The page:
I always have fond memories of visiting and reading with the younger grades. I experienced my first “heckler” when I was reading to a grade 2 class and she was in the front row asking me why the socks were not blue. I love the little discussions (that sometimes turn into battles) when I ask the class if they think the protagonist is a boy or a girl. I enjoy the fact that we get off course during the reading as our discussions take a different direction at times when they all want to share their version of the character’s experience.
How do you stay connected with your readers? Have you gone on book tours? Do you engage on social media or through a website? Do you visit classrooms, libraries or bookstores? I use social media (Facebook, Twitter, Instagram and a website) in an effort to stay connected with readers and those who might be interested in learning more about Red Socks. I have done a few book signings and look forward to doing more. (The book signings are something that I need to push myself to do as I am usually very much a “behind-the-scenes” type of person.) I do thoroughly enjoy visiting classrooms and look forward to those in the coming school year.
What are the joys of being an author / illustrator? What do you derive your greatest pleasure from? I am a first time author so it is so very thrilling to see the book displayed in a bookstore or to hear from someone else that they spotted Red Socks in a bookstore. My greatest pleasure is having someone tell me that they enjoyed the story and are looking forward to initiating their own tradition based on the idea of Red Socks. I have it set up so that when books are purchased an additional copy is printed and then donated to a local school, charity and/or organization that can benefit from the message within the story. I am so happy to say that books have been sent to Australia, Maui, England, Northern Ireland, Toronto, various States, Saskatchewan, BC and throughout Alberta so far.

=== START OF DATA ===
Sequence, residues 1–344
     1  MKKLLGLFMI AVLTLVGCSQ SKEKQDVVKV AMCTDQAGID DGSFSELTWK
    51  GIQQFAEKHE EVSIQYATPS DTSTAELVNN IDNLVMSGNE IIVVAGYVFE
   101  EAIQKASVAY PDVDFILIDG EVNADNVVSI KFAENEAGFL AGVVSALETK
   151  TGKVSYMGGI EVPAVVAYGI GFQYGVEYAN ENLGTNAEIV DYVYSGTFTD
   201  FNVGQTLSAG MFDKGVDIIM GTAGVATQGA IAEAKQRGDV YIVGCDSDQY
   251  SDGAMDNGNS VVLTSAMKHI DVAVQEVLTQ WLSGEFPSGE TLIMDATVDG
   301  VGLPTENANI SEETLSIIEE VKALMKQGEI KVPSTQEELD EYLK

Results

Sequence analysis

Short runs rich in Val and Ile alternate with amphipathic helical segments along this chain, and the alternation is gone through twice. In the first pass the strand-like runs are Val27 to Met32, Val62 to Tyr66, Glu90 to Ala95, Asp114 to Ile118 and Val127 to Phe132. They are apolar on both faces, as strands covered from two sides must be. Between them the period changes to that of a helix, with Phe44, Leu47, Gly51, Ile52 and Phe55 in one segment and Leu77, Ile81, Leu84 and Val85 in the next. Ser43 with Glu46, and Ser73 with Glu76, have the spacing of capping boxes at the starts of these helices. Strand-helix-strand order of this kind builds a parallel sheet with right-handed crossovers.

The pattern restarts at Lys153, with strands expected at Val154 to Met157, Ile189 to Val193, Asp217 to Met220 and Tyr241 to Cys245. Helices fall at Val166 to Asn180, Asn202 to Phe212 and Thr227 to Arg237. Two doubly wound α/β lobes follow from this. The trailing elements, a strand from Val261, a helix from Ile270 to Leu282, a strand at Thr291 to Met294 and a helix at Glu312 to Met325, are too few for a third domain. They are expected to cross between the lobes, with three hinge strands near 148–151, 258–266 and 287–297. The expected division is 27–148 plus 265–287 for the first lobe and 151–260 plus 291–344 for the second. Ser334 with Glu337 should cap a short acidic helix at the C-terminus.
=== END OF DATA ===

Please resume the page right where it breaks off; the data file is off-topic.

What are the biggest challenges of being an author / illustrator? Being a first time author and one that is self-published, the biggest challenge is actually getting the word out about the story. The entire experience is new to me and full of challenges and unknowns and I find myself constantly having to do research regarding the industry and push myself out of my comfort level at times in an effort to bring Red Socks to new readers. I am thankful though as this challenge offers me an opportunity to be an example to my two boys of how one should never give up and always be willing to put themselves out there.
OH! The good ol’ Hockey game, is the best game you can name. And the best game you can name, is the good ol’ Hockey game.
An outdoor game of pick up hockey is the setting for this fun, energetic tribute to Stompin’ Tom Connors’ widely known anthem. The well-lit rink is in a city and it glistens beneath the stars on a wintry evening. It feels as though it would be a the centerpiece of a community, drawing players from far and wide for a casual, drop in game.
Engaging illustrations show us the game from ice level and above, depicting players from various races who are young and old, petite and burly and male and female. It is fun to see more than one multi generational family group; moms and dads enjoying the game with their children.